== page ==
In a conference call following the deal announcement, Scripps TV chief Brian Lawlor said that the diginets will allow the company to tap into a “different pot of money’’ — that is, the network money the agencies spend in the upfronts and the scatter market. Up to now, that pot has been beyond the reach of most station groups.

“That’s really the big upside opportunity,” Lawlor said. “So, there’s a lot of running room with each of these networks.”

The deal also confirms its willingness to take some chances in a TV station industry that has been more about consolidation than innovation. That’s something that’s good to see.

At last year’s investors’ day, Scripps highlighted its national digital content plays — Newsy, Cracked, Midroll and Stitcher. That move has not been met with universal investor acclaim.

But Scripps has been rewarded greatly in the past for its boldness. Chairman Rich Boehne was there when the company moved aggressively into cable programming in the 1990s. It eventually spun off the cable division into Scripps Networks Interactive. And on July 31, Discovery Communications agreed to pay $11.9 billion to gobble it up.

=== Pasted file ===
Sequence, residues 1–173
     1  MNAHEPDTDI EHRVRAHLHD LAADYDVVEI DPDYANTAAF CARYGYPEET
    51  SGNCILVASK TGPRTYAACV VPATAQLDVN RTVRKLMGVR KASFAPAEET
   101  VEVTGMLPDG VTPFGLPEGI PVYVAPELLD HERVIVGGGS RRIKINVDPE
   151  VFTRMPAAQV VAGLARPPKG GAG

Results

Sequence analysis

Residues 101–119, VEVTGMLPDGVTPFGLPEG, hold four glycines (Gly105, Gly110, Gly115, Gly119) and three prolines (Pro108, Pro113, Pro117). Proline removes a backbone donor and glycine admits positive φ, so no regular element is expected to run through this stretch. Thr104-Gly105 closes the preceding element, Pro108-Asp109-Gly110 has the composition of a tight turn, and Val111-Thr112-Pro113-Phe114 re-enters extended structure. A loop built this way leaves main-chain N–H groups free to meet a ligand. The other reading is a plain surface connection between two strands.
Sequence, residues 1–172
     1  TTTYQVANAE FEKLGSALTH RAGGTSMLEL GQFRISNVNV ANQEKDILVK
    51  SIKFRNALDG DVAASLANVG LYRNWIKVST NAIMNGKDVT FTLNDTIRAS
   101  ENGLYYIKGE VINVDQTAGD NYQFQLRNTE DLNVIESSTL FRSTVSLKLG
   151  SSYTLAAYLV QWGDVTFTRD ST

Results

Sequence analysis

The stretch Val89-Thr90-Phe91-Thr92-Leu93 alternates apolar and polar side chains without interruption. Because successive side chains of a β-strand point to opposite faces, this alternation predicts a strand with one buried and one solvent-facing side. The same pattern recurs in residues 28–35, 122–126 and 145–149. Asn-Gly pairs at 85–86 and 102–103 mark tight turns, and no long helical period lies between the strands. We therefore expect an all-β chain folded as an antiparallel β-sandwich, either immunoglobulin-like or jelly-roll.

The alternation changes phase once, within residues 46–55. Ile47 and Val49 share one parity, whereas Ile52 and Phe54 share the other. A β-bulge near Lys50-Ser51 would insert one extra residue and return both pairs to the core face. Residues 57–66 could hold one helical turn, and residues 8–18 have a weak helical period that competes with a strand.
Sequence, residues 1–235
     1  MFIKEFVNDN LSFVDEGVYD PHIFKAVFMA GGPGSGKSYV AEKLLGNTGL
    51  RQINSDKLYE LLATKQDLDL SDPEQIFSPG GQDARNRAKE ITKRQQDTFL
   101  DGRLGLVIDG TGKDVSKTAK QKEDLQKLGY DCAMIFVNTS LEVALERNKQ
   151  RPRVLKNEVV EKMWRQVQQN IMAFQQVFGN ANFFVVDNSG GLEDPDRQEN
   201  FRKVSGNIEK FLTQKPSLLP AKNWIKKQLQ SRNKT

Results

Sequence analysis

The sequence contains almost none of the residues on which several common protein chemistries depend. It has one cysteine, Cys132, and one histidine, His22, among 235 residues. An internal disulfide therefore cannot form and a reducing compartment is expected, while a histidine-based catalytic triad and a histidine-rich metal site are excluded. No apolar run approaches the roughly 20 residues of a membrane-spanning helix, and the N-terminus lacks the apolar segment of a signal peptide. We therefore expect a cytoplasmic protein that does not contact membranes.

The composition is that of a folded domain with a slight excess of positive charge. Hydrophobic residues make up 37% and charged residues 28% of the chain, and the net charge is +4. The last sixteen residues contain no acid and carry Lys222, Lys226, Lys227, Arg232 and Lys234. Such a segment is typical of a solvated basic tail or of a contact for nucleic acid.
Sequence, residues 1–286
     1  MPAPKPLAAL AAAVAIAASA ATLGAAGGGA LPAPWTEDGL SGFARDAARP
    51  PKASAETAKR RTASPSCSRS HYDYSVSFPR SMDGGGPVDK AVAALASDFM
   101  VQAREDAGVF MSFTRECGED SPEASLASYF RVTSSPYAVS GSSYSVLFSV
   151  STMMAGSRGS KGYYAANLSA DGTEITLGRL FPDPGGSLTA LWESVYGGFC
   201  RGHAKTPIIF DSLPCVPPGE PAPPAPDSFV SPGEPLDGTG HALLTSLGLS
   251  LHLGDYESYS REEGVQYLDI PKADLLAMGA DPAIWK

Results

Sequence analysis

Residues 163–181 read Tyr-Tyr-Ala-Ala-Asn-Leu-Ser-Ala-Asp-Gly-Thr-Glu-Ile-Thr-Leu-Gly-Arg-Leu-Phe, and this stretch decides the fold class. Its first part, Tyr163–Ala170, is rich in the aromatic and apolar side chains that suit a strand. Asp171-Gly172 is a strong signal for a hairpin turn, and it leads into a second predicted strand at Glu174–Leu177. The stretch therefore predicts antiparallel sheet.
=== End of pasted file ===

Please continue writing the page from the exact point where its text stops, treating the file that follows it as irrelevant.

“Focusing on audience segments and very specific consumer categories of advertising have long been successful strategies here at Scripps,” said Boehne on the call in a bit of understatement.

And like I said before, the deal casts a positive light on the entire multicasting business. If done right and given real support, they can be solid and stable generators of substantial cash flow. At the very least, we now know the price of a multicasting channel, 8X.

Multicasting has needed a feel-good story. Its history over the past has been marked by as many loses as wins. Does anybody remember The Tube?

I guess it’s like anything else. It’s not enough to do it. You have to do it right.

The deal is also a strong endorsement of broadcasting in its purest form — direct from the transmitter, over the air. It announces loud and clear that broadcasting is offering an increasingly rich array of programming while remaining available to all free of charge.

The OTA service, enhanced by multicasting, is one of broadcasting’s hedges against the cord-cutting that is starting to undermine the MVPDs that are, today, broadcasters’ principal distributors.

On the call, Scripps CEO Adam Symson suggested that the bet on multicasting was a bet on OTA as the perfect complement to OTT.

“Over-the-top consumers,” he said on the call, “are certainly willing to open up their wallet and pay for streaming services and for the cable connection that gets them that faster bandwidth connection, but they are equally excited and comfortable with plugging in a digital antenna to receive free, over-the-air broadcasting. That’s suddenly new found real estate for them, particularly the younger audiences.”

Harry A. Jessell is editor of TVNewsCheck. He can be contacted at 973-701-1067 or here. You can read earlier columns here.